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Some background, for anyone unfamiliar: The Shockley diode equation is

$$ I_D = I_S·\left(e^{\frac{V_D}{n·V_T}}-1\right) $$

with the quantity \$n\$ called the ideality factor, a number between 1 and 2. Ideal diodes have an ideality factor of 1, while real diodes do not. (And, to my understanding, the ideality factor of real diodes can depend strongly on temperature and diode current.)

My question is this: What is a typical ideality factor for commercially-available pn diodes at room temperature? In what range can one expect the ideality factor to be? Will it be different for Schottky diodes?

The impression I got from my semiconductor devices class is that it's close to 2 for low currents, shifts nearer to 1 for moderate currents, and goes back to 2 at very high currents; is this correct? Are there more precise numbers available anywhere?

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  • \$\begingroup\$ It depends on the efficacy of the diode to photo stimulation and dark current, temperature . ..." some types of solar cells shows an ideality factor greater than 2 and even may be as high as five. " researchgate.net/publication/… \$\endgroup\$ Apr 18, 2018 at 13:02
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    \$\begingroup\$ All the SPICE models have this in them, and they vary quite a bit depending on device; that is the reason that a diode connected transistor is most commonly used in semiconductor temperature sensors (because the base - emitter diode ideality is quite close to 1 - the 2N3904 is a favourite here). \$\endgroup\$ Apr 18, 2018 at 15:22
  • \$\begingroup\$ @TonyStewartSunnyskyguyEE75 To complement your statement, I have recently measured an ordinary UV-A 405nm LED to have ideality factor about 6.1 in the 1μA-10mA regime, and about twice so in the nA regime. \$\endgroup\$
    – dominecf
    Oct 29, 2020 at 18:56
  • \$\begingroup\$ You can simulate the physics of an custom LED in Falstad’s site with ideality factors Rs and Vf to test and verify \$\endgroup\$ Oct 30, 2020 at 2:03

2 Answers 2

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I am currently taking a semiconductor class and we recently did an experiment to measure the ideality factor for two different diodes, one of germanium and one of silicon composition. The experiment found the silicon diode to have an ideality factor of 1 and the germanium to have a factor of 1.4. According to my professor the ideality factor is indicative of the type of charge carrier recombination that is occurring inside of the diode based on the following chart.

Recombination Type n Description
SRH, band to band (low level injection) 1 Recombination limited by minority carrier.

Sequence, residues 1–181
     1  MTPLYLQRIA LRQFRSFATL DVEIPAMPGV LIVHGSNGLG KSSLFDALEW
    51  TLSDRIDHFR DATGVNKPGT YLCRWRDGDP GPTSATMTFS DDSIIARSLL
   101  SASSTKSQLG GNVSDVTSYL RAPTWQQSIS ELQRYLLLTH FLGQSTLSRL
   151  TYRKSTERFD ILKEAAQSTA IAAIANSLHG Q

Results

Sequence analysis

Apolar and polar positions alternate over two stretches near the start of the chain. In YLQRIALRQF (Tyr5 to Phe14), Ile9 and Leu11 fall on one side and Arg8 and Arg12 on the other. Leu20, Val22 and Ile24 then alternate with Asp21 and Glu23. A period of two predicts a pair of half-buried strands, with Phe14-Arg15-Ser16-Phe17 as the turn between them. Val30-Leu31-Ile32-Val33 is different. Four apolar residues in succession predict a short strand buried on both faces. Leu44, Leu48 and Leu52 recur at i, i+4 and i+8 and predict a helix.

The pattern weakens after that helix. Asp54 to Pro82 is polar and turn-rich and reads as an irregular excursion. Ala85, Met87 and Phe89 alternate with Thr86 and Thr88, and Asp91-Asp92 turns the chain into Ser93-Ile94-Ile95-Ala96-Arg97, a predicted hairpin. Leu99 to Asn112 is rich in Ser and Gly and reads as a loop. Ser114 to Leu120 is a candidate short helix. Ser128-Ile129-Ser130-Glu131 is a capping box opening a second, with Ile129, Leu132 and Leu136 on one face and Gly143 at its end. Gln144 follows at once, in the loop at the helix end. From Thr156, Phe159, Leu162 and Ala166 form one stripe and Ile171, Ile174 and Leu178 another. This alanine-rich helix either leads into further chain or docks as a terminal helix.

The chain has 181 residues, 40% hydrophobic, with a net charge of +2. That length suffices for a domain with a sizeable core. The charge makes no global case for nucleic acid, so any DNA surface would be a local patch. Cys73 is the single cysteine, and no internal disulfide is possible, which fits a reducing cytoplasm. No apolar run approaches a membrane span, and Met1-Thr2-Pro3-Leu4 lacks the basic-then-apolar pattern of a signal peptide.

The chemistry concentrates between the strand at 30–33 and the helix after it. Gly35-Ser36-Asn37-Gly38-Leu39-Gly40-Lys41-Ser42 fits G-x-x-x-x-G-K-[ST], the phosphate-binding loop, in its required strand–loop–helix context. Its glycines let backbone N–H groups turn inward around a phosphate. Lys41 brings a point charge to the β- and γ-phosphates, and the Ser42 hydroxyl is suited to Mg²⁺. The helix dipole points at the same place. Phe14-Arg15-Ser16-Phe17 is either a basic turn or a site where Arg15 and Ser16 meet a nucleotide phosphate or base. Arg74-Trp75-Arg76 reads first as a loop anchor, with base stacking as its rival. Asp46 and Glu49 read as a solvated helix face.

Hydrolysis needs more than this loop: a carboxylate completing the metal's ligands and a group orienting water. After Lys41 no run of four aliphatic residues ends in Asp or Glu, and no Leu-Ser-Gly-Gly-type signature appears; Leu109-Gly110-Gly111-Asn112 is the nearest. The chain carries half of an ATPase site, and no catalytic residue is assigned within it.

SRH, band to band (high level injection) 2 Recombination limited by both carrier types.
Auger 2/3 Two majority and one minority carriers required for recombination.
Depletion region (junction) 2 Two carriers limit recombination

In order to calculate n, I measured and graphed the I-V (V being the voltage across the diode not the applied voltage) characteristics of the diodes and found the slope as such:The IV characteristics of a silicon diode in a logarithmic scale

Then knowing this relationship where e is the charge of an electron, T is temperature and K is the Boltzman constant and I naught is the inverse saturation current

$$ \ln I = \ln I_0 + \frac{1}{n} \left( \frac{eV}{kT} \right). $$

I find the slope of the graph to be

$$ m = \frac{1}{n} \frac{e}{kT}. $$

Solving for n yields a 1.

I think that answers 3 out of 5 of your questions.

I hope all of that helped!

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  • \$\begingroup\$ I imagine which type of charge carrier recombination is happening depends on things like temperature and current density, too, no? \$\endgroup\$
    – Hearth
    May 24, 2018 at 18:37
  • \$\begingroup\$ \$y = mx + c\ \$, so \$y = ln(I)\ \$, \$m = \frac{1}{n} \frac{e}{kT}\ \$, \$x = V\ \$, and \$c = ln(I_0)\$. \$\endgroup\$
    – Unknown123
    2 days ago
  • \$\begingroup\$ So after simple linear regression, let \$r\$ be the sample correlation coefficient. It will be equal to \$m\$, which is the slope of the graph. Easy to automate. \$\endgroup\$
    – Unknown123
    2 days ago
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https://www.youtube.com/watch?v=BC1E13CKf8g

You can watch this video. An ideal diode has the ideality factor of 0. Forward bias, the current --> infinity. Reverse bias, the current --> 0. This diode does not exist in real life. And due to the recombination property of the Si and Ge, all the diode made by these two materials have the ideality factor between 1 and 2. The diode having ideality factor <1 does not exist either.

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